Teaching piano as a sideline job through university opened up a world of opportunities for Sarah Mills Menogue in the music industry.
Sarah graduated from our Duncraig campus in 1999 and decided to teach piano while studying Cognitive Science at UWA – a simple decision which changed her career direction completely.
She went on to complete a Music degree, Graduate Diploma in Education and Diploma at a music school in Hungary. Now she works as a freelance musician focusing on choral and piano.
“I’ve always been passionate about music, but didn’t study music straight after school as I didn’t realise how diverse the industry is, and how it is possible to make a living from it,” Sarah says.
Her passion for music is obvious, speaking about it not as a job but as a significant part of who she is.
“I love the way music expresses the inexpressible,” she says.
“I love the way it records and helps to make sense of human experience, and the way it binds communities together. There are those sacred moments during or after a performance, where everyone in the room is caught up in the same emotion - it’s an incredible privilege to create and be a part of those moments.”
Sarah says she was delighted to conduct the Australian premiere of Fanny Hensel’s (sister of the famous composer Felix Mendelssohn) Oratorio on Words of the Bible a few years ago.
“Ironically, it was written in response to a global pandemic! We had three choirs, 200 voices and a full orchestra on stage, it was absolutely thrilling.”
Today, Sarah juggles her time between conducting two choirs, relief or short-term work with other groups, teaching piano, accompanying soloists, church services and music groups.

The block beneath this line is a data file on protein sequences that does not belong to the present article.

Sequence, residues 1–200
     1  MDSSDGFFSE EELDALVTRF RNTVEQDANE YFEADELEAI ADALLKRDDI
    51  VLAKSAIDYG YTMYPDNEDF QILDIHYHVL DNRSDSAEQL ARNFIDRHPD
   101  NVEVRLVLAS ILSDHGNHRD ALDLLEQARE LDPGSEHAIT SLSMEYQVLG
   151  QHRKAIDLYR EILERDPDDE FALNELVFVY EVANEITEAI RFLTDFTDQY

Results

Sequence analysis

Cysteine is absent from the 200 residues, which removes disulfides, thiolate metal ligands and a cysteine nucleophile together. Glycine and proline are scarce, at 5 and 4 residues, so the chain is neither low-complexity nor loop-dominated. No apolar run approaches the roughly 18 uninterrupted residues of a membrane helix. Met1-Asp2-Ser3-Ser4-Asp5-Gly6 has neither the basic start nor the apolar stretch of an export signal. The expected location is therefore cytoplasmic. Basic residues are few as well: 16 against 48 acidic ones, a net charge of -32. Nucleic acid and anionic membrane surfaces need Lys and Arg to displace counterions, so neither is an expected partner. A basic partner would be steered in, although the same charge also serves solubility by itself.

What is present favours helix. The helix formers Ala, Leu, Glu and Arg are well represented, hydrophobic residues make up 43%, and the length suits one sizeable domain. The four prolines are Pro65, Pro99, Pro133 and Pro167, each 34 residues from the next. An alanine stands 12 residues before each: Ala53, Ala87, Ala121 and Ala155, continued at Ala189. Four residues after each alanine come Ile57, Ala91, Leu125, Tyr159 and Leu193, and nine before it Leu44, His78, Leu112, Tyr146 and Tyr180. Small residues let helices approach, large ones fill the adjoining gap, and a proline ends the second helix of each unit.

“As a freelancer, a lot of my time is spent doing administrative work, maintaining networks, professional development and preparing or practising music outside of rehearsal time.”
She admits music is her work and her hobby, which is a blessing and a curse.
“It’s incredible to have a job that doesn’t feel like work because it’s so much fun, but it’s also really difficult to draw boundaries around your work. I’ve just started doing beginner art classes, which I’m hoping will become my true hobby!”
She reminisces about school, saying it taught her the discipline and study skills needed to pursue opportunities after graduation.
“There are so many more life lessons to be learned in the freedom of the years after school as well.”
She says students going through school today need to prepare to be flexible.
“Life throws some amazing and unexpected opportunities your way sometimes, watch out for them and be bold taking them when they come your way.”